SCIENTISTS in Bradford are appealing for women to donate breast fluid in a ground-breaking study to potentially speed up breast cancer diagnoses.

Dr Chris Sutton, from the University of Bradford's Institute of Cancer Therapeutics, says the fluid could be a useful tool to help spot diseases such as cancer.

With more samples from volunteers, researchers hope to be able to investigate whether certain proteins present can be used as indicators for breast health issues.

The study, which has been running for 15 months, has collected around 100 fluid samples so far but needs many more, said Dr Sutton.

"We are not suggesting this would replace the traditional mammograms in cancer screening but it has the potential to alert women to changes in their breasts that they may need to investigate at an earlier stage than more traditional checks may,” he said.

The samples already used in the study have been collected with help from clinicians at Bradford Royal Infirmary.

But, in the coming months, volunteers would be asked to provide the fluid by massage or by using a breast pump in the privacy of their own homes before donating it via the University of Bradford Human Research Tissue Bank, Ethical Tissue.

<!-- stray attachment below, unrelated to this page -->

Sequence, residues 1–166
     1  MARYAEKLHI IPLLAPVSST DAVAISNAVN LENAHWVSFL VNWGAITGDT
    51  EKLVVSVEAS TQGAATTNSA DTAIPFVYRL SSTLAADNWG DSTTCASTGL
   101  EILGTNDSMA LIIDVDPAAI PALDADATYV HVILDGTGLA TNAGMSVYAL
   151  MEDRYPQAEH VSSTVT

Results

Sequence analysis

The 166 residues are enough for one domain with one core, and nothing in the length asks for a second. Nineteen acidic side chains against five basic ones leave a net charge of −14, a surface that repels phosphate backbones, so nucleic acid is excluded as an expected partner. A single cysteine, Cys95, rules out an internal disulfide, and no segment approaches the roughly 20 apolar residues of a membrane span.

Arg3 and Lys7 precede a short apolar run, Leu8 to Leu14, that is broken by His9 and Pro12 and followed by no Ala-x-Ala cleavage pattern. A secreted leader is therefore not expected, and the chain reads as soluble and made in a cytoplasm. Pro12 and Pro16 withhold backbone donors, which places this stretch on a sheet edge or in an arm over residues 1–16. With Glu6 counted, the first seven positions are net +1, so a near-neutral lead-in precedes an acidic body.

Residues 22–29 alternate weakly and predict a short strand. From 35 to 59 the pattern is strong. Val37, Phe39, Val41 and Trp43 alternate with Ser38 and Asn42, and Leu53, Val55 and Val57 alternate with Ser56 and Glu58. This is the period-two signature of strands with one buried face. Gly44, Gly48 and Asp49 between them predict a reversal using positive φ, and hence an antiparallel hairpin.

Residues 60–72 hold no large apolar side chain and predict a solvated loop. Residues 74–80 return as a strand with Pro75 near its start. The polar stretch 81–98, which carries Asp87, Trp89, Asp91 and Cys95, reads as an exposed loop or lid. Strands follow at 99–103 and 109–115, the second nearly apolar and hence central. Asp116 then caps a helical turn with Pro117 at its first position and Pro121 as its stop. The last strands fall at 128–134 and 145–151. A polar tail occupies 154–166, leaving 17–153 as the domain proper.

Dr Sutton said although there were different groups around the world looking at nipple aspirate fluid, the University of Bradford was unique in using new techniques to detect changes in breast health.

“We have fantastic support from breast cancer patients and clinicians at Bradford Royal Infirmary providing samples, but we also need many samples from healthy volunteers. Our ultimate goal is to have a group of women who can provide samples over time that can tell us about modifications in normal breast physiology, as well as relating to disease. Collecting the fluid from both nipples, along with information on the patient’s history, enables us to build a comprehensive bank of samples,” he said.

Mohamed Salhab, Lead Oncoplastic Surgeon at Bradford Royal Infirmary, added: “Mammography is a sensitive method for early detection of breast cancer but it has limitations, especially in younger patients. In addition, mammography cannot determine if a growth is harmless or dangerous without further imaging and examination. Looking for markers of the disease in nipple aspirate fluid may provide an important additional test.”

Dr Sutton and his team will use a specialist piece of equipment called a mass spectrometer, which was purchased through the Bradford Crocus Cancer appeal, to help analyse the samples.

Dr Sue Boyce, Head of Ethical Tissue, hopes the study will also encourage women to talk more openly about breast health and challenge any existing taboos on the subject. “It’s important that women feel comfortable talking about any health issues they may be concerned about with family, friends and their doctors.”

Any women aged between 18 and 70 interested in finding out more about volunteering should go to All enquires will be treated in strict confidence.